What's on the horizon for ASC joint ventures? Avanza Healthcare Strategies CEO Joan Dentler weighs in

Rachel Popa - Print  |

Profitability, consumer trends and physician relationships are some of the top reasons hospitals own ASCs, according to Avanza Healthcare Strategies' 2019 ASC joint venture survey.

Joan Dentler, president and CEO of Avanza, shared her insights on the survey with Becker's ASC Review.

Note: Responses have been lightly edited for style and clarity.

Question: You mention that a decrease in equity-based partnerships is a sign
of a maturing marketplace. Are there any other trends on the horizon
you see coming as part of that maturation?

Joan Dentler: I expect that we will see the continued consolidation of ASCs as well as surgery center management and development companies. With the critical role of ASCs firmly cemented within healthcare, I anticipate that there will be a proliferation of vendors specializing in serving ASCs in areas including revenue cycle management, information technology, recruitment and staffing, infection prevention, financing and education and training.

Finally, I expect that we will continue to see payers embracing the ASC model and exploring ways to direct care, when appropriate, out of the inpatient setting and into the outpatient setting. Look for expanded coverage of complex procedures and growth of value-based payment models, like bundles.

Q: How will acquisitions affect ASC/hospital joint ventures?

JD: When an ASC is acquired by a hospital or health system, it puts pressure on the other providers in the market to respond. Larger organizations tend to wield greater market power, influence and negotiating strength with payers, providers and suppliers.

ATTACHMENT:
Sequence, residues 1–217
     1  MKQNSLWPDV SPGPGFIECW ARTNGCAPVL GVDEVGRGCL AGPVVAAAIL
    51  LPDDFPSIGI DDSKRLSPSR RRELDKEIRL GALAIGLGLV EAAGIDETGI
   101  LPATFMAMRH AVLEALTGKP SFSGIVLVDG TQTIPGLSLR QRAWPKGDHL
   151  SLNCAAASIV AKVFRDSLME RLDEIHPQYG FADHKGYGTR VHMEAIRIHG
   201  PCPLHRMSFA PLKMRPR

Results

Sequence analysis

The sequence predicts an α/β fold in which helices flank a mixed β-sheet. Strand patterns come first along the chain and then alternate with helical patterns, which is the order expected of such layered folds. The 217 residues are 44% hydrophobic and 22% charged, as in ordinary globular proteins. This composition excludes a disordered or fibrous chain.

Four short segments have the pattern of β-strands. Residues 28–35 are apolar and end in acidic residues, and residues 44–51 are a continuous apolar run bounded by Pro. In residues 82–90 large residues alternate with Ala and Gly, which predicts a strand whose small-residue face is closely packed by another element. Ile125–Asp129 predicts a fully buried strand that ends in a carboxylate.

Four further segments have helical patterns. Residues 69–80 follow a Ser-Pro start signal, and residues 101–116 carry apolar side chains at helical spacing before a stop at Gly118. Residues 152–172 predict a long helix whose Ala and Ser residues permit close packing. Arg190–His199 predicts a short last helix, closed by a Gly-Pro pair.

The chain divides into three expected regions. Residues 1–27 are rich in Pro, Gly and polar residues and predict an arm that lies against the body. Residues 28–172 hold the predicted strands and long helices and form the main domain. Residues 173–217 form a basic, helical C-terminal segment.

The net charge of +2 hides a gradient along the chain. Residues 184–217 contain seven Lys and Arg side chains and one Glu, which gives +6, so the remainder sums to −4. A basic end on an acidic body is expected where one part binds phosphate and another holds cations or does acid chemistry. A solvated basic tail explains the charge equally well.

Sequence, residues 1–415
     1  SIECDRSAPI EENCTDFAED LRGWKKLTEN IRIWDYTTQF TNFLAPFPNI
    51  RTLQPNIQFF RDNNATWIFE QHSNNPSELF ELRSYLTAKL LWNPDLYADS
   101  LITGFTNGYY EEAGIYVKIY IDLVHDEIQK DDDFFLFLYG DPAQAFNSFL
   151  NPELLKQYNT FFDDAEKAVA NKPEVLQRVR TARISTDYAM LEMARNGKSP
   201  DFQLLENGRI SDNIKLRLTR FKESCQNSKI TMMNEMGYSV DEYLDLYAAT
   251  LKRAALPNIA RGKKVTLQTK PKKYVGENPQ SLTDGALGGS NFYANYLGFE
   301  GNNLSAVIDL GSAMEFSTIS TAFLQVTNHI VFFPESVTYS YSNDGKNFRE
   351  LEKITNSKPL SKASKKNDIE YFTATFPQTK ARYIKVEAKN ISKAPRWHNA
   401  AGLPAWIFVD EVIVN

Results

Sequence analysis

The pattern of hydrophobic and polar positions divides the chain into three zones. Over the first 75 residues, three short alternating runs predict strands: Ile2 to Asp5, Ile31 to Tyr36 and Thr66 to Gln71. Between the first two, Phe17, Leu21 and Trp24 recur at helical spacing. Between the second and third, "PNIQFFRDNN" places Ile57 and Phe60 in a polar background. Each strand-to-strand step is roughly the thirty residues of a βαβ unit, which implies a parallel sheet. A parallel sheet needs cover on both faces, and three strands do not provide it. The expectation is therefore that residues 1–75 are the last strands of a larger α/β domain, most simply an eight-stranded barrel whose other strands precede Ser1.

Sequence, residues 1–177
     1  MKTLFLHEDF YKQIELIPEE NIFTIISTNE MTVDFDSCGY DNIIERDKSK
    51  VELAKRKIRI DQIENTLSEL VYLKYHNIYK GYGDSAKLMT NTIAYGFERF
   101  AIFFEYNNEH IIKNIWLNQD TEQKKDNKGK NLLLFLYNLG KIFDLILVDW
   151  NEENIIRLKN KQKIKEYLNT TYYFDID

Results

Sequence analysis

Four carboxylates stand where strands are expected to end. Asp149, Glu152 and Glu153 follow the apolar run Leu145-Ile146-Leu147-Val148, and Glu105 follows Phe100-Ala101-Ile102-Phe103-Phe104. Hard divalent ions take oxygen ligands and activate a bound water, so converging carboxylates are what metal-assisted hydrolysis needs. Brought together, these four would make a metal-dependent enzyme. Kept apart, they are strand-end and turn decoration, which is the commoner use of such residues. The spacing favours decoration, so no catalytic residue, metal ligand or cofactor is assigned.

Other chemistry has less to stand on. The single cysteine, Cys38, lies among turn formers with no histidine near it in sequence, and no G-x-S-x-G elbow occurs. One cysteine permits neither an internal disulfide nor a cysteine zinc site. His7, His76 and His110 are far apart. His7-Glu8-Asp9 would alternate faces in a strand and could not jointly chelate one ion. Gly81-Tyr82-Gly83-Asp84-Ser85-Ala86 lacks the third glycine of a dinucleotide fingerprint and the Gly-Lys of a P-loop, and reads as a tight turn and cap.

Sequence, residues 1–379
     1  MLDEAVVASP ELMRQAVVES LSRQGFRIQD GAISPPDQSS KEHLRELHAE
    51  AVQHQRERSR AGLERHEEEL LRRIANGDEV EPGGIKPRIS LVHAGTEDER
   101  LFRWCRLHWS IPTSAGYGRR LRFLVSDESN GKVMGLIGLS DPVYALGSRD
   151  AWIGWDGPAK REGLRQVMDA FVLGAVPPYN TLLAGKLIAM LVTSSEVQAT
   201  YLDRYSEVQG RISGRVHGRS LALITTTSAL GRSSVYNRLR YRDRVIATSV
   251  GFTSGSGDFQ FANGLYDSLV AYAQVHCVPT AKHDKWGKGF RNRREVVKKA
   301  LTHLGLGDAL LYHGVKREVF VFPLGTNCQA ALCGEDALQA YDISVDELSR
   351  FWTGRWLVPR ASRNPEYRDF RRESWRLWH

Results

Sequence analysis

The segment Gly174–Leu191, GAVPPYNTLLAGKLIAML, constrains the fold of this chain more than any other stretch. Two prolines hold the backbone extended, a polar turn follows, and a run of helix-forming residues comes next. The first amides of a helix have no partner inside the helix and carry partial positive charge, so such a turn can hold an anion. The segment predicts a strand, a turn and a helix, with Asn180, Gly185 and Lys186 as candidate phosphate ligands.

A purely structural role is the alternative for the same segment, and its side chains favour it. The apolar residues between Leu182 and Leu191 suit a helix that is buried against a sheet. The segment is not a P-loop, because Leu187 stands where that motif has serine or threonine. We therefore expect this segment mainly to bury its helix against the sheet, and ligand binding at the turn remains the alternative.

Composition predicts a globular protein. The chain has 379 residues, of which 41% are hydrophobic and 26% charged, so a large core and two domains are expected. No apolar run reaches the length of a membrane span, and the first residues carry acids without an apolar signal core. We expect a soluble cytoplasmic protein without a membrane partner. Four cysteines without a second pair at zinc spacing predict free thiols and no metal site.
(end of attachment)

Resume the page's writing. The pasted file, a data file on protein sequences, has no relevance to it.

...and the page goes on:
For other hospitals and health systems in the market, this response may include pursuing an ASC acquisition of their own or exploring whether to build a de-novo surgery center. ASCs in the market with specialties overlapping the acquired surgery center may consider approaching a local hospital or health system about a partnership. An ASC may even consider merging with another surgery center as a way to achieve greater size, scope and purchasing power. To remain competitive, smaller organizations will need to grow or they risk being ignored by partners critical to their short- and long-term success.

Q: What do you think the main takeaway from the survey is?

JD: I think there are two top takeaways: The continuing interest in ASCs by hospitals and the fact that, in the ASC joint venture model, the use of outside management is declining. I don't believe the reason for this trend is that the hospitals are "managing" the ASCs as physicians would not tolerate this. Rather, hospitals are working with physician partners to determine ways to successfully operate the ASCs without the additional expense of traditional third-party management.

Q: Do you have any predictions as to what next year's survey will find?

JD: Healthcare is often quite unpredictable, so making confident predictions is rarely simple. With that said, I think we will see interest in the ASC joint-venture model at least sustained, if not growing. The number of hospitals and health systems owning ASCs and owning multiple ASCs will likely rise a bit as hospitals and health systems feel payer and consumer pressures to become more involved with outpatient surgery. I believe we may also see an increase in hospitals and health systems permitting employed physicians to invest in ASCs. Physicians are clamoring for more independence (once again), so allowing such investing is a way for hospitals and health systems to support this independence "itch" while maintaining alignment and engagement.

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